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The Camp David Summit: Major or modest moves in U.S.-Gulf ties?

The Gulf states have received a broad array of new U.S. commitments to reinvest in bilateral and multilateral security cooperation

Published: Updated:

In the run up to Thursday's summit at Camp David, U.S. Secretary of State John Kerry had #Syria policy.” Elaborating further on the summit’s Syria language, he added that “this reads like a [Mideast] Quartet statement to me. Where are the specifics on Syria? [Chemical weapons], Safe Zones?”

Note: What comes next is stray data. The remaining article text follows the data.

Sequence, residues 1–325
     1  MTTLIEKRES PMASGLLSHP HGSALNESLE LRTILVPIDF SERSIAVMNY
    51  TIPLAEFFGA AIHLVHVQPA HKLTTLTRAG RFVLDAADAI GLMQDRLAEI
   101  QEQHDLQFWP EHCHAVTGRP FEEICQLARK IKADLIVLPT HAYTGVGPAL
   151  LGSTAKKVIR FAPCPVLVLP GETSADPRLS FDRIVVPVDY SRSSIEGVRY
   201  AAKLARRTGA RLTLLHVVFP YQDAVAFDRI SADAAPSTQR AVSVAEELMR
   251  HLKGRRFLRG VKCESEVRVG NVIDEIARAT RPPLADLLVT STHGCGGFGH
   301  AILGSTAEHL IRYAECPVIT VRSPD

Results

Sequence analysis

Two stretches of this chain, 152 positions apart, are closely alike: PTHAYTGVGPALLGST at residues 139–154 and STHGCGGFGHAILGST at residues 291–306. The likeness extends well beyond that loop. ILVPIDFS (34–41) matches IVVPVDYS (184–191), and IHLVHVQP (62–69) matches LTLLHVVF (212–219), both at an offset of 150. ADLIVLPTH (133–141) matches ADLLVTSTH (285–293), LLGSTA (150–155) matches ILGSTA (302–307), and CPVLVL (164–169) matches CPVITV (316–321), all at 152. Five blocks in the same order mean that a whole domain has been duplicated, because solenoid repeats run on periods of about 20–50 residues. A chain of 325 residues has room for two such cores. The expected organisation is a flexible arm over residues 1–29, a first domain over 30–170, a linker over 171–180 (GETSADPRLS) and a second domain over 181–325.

Perhaps the most significant new language on Syria actually came from the Gulf states. Another innovative announcement on regional affairs in the annex was a call for the states to “press all parties” in Libya to “urgently establish a national unity government before Ramadan.”

The Gulf states have received a broad array of new U.S. commitments to reinvest in bilateral and multilateral security cooperation, but most of those commitments were relatively shallow. As the Saudi and Bahraini kings’ absences foreshadowed - and Jon Alterman of the Center for Strategic and International Studies explicitly predicted - this summit probably left “everybody feeling a little bit unsatisfied.”

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Patrick Megahan is a research associate for military affairs at the Foundation for Defense of Democracies, where David Andrew Weinberg is a senior fellow.